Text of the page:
Although there is no science to back up the efficacy of this claim, there are some die-hard believers. The theory of why it works lies in a concept called “homeostasis”—the property of a system in which variables are regulated to that internal conditions remain stable and relatively constant. In other words, when we make our feet cold, blood from other parts of the body rush to our “little piggies” to warm them up. It is postulated that getting circulation moving helps to relieve congestion from the nose and throat area and increases blood flow through lymph nodes (important tissue that filters blood and contains immune cells).

Moderate exercise
Staying physically active has a number of health benefits, including supporting our immune system function to fight off germs. In a study published in the American Journal of Medicine, women who walked a half-hour every day for one year had half the number of colds of women who do not exercise. The authors of this study believed that this was because exercise boosts the number of white blood cells which fight off infections.

But how about when you are already sick? Exercise can boost endorphins (our body’s natural pain killer), has an anti-inflammatory effect, and may help break up congestion. It is generally considered safe. However, there are some situations to watch out for. If you have heart or lung disease or a fever, exercising while ill can exacerbate these conditions.

Dark chocolate
This yummy food item contains a chemical called theobromine. In a study presented at The British Thoracic Society’s meeting in 2012, they discussed how theobromine blocked the action of sensory nerves in those with colds. Think of postnasal drip or how swallowing just a drop of food or liquid the wrong way elicits a powerful cough reflex. The researchers also stated that theobromine is more effective at suppressing coughing than codeine, a prescription, controlled substance! And what’s more, it lacks the side effects of feeling sleepy or dull.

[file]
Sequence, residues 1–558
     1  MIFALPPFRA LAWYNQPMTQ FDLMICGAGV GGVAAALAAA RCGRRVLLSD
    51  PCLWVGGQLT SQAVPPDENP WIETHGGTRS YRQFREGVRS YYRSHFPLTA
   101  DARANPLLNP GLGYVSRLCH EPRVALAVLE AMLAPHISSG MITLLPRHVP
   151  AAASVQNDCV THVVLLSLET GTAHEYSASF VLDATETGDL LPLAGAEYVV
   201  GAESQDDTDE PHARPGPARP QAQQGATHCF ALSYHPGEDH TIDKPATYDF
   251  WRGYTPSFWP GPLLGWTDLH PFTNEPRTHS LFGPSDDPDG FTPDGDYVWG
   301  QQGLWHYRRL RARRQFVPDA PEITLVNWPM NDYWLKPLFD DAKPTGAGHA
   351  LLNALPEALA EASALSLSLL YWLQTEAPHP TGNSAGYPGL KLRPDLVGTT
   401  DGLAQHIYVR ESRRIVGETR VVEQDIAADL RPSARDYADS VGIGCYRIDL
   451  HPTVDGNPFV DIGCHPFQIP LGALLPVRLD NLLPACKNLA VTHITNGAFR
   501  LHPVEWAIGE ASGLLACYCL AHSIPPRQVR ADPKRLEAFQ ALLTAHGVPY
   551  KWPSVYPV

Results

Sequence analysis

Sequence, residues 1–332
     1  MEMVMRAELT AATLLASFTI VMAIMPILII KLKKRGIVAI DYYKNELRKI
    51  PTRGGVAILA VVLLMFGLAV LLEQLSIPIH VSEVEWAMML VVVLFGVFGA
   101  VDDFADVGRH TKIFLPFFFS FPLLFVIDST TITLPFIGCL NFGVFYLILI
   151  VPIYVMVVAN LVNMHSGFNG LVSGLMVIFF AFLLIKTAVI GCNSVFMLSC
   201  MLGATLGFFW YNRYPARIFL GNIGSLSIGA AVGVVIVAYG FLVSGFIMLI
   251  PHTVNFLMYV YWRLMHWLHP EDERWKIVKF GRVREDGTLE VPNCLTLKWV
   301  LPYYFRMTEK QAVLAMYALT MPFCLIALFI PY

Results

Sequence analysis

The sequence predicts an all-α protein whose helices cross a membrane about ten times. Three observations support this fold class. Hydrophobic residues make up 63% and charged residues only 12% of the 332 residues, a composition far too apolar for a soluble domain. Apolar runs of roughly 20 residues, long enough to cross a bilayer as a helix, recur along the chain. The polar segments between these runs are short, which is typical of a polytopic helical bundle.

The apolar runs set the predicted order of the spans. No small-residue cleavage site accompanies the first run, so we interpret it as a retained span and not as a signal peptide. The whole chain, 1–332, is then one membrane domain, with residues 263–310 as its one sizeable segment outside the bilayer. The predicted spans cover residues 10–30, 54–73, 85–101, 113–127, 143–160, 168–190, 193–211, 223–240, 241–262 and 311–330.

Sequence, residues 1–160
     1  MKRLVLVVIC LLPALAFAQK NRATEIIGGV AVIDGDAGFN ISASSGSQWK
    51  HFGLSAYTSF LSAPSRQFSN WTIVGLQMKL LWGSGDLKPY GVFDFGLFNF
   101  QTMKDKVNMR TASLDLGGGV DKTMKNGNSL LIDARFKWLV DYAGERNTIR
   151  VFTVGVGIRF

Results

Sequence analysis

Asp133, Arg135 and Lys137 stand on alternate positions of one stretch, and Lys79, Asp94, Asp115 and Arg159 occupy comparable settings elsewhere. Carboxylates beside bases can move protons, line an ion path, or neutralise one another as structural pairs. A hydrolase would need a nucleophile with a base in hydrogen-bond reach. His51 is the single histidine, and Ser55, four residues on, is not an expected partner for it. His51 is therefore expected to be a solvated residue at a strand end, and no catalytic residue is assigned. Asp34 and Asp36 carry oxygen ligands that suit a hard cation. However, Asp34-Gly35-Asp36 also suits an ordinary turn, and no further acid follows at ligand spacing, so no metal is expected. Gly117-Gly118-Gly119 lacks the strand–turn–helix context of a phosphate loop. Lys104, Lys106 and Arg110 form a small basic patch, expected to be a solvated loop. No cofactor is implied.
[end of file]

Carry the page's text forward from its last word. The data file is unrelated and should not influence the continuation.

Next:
Raw onions
This round vegetable with many layers has been used in Ayurvedic medicine for centuries. The pungent odor of onions comes from its sulfur-containing compounds, and is also believed to bestow some antibacterial properties. Additionally, the compound quercetin is an antioxidant that can boost the immune system. At this time, few quality clinical trials have supported this. However, there is little downside to eating vegetables and adding an onion to yummy chicken noodle soup often only makes it yummier.

Research shows that when folks start to feel sick they often rush to their local drug store – however, it’s time to seek the most well-supported cold treatments which you can find at home.

So when you start to get those dreaded chills, body aches, sore throat or cough — don’t let these common cold symptoms put your body, mind and soul in the doldrums … the miracle is in the house!! Get some rest, keep positive and take care of yourself by utilizing these time-proven wisdoms. 

This article is for general information only and should not be used for the diagnosis or treatment of medical conditions and cannot substitute for the advice from your medical professional. Dr. Nina has used all reasonable care in compiling the current information but it may not apply to you and your symptoms. Always consult your doctor or other health care professional for diagnosis and treatment of medical conditions or questions.